When the last print edition of the Seattle Post-Intelligencer hit the presses in March, there was a great deal of lamenting that presaged the end of an era. Perhaps it did end, but it also heralded in a new one. Though 160 of its 180 editorial staff lost their jobs, those journalists that stayed were re-trained and multi-skilled. They are now no longer called reporters but “news gatherers”. But while their technical skills are new, their investigative ones are not. And both are still required in the 21st century.
There are many shiny tools at the disposal of the new news gatherers. The attraction of Twitter is that it answers the fundamental question “What are you doing?” Its exponential growth has led to a company valuation of one billion dollars despite it not earning a cent in ads. Twitter may not be a viable business yet but with its short, sharp bursts of information, conversation, and real-time search facility, it is an ideal carrier of news. It is no wonder politicians, journalists and PR people love it.
But Twitter is not just the preserve of insiders and the need for news is universal. News speaks to something deep within humans. When the anthropologist Raymond Frith went to the Western Pacific island of Tikopia, he found a Polynesian society with a great thirst for news. Whenever two inhabitants met, they spent most of their conversation swapping news. Indeed the Tikopia word for “news” was the same as the word for “speech”. According to news historian Mitchell Stephens the Tikopia experience is a universal one. Stephens says news can best be described as one of our senses. He calls it a social sense that leaps over synapses between people and provides awareness of the world.
In western society our news is mostly mediated by mass communication. Inventions such as the printing press and television have each transformed the way news is told. Now the Internet is changing it again, providing an almost instantaneous global feedback system. The old one-way broadcasting system is dying but no-one is exactly sure what will take its place. While the people formerly known as the audience now seek a new label to descibe them, intermediaries can still play a vital sense-making role. It remains the primary job of journalists to produce and disseminate information about contemporary affairs of public interest and importance.
But as everyone knows, journalists don’t just interpret news; they also create it. In New York in the 1890s a young ambitious reporter named Lincoln Steffens got involved in a contest with a rival named Jacob Riis to report on sensational and salacious crimes. Both men were egged on by their editors in a newspaper arms race. There was no increase in crime, just in reporting of it. But before long panicked New Yorkers believed they were living amid a crime epidemic. The embarrassed police commissioner (and later President) Teddy Roosevelt knew both Steffens and Riis and called them into his office to explain what was going on. He told them to stop the nonsense. They agreed and New York’s crime wave disappeared as suddenly as it started.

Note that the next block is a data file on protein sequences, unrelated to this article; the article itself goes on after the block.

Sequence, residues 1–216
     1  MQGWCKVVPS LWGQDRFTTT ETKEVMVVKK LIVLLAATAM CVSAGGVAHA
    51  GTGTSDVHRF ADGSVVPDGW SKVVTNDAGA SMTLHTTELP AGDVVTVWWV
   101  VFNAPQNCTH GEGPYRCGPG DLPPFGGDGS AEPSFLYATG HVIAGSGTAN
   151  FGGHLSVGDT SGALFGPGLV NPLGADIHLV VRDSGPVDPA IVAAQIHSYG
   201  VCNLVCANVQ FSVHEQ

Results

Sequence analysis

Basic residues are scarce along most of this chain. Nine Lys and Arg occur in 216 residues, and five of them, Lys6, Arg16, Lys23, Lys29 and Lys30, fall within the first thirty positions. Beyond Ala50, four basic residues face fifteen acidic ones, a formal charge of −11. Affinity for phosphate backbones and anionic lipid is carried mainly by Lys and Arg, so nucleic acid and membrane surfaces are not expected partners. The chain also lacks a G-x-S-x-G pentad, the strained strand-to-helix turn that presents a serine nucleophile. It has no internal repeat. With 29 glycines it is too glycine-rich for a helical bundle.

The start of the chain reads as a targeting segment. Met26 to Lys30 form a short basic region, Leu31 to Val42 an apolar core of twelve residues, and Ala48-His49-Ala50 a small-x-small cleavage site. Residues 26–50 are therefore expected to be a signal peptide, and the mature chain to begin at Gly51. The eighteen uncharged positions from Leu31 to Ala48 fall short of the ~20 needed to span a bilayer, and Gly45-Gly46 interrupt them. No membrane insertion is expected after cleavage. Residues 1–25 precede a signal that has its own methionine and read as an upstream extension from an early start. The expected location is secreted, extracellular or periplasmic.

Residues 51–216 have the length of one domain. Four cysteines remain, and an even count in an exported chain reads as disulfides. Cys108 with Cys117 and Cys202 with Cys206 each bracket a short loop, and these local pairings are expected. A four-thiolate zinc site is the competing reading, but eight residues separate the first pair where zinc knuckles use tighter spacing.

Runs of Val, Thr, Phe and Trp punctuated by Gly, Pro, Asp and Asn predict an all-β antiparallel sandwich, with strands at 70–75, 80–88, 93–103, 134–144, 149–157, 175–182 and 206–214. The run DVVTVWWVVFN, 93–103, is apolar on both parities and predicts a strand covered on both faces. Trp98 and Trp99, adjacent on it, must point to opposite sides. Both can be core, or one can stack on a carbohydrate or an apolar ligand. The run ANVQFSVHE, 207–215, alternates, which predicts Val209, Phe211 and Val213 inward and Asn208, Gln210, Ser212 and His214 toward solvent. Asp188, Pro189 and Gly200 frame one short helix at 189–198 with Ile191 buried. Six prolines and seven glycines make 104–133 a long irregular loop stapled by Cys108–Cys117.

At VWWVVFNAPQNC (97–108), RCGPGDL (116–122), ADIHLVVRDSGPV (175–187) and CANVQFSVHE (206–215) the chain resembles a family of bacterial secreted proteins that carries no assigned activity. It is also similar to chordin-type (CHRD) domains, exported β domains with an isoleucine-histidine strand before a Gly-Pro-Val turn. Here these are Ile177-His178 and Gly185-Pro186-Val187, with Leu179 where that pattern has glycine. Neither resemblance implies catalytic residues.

The moral of that story as communication scholar Michael Schudson points out, is not that the journalists made stuff up, but that they created an impression which people believed and responded to. News is vital to the democratic process and a sense of community but it is also capable of trivialising or distorting what is important. The media that produce the news play a wide variety of role: supporting the establishing order, picking holes in the established order, being a forum for political debate and acting as a battleground for elites.
The media is itself part of the elite. It could be argued that news is what makes the media such a privileged social institution. Newspapers may be disappearing but their influence remains vast as they became a prototype of all media that followed it. As noted by the name, news was their central ingredient and radio and television were modelled on the newspapers with news as central to their mission. This may be changing in the 21st century, however. News is now regularly outrated by sport and reality television and radio stations cut costs by hubbing their news or avoiding it altogether. Meanwhile the most-clicked stories on websites barely qualify as news at all.
But the human need for genuine news remains even if the commercial media think they can no longer make money out of it. And its social value is also unchanged. Steffens may have created a crime wave but society depends on news of violations of the law to reinforce their understanding of it and fear punishments if they transgress it. Humans are hardwired to be interested in portents, anomalies, and spicy happenings. The Internet is an immediate, crowded and complex place, but has not changed the nature of news nor has it lessened the need for news gatherers in a functioning democracy. It is gradually replacing television as the new home of awareness of the world. This is why the questions of who pays for it and how are so important.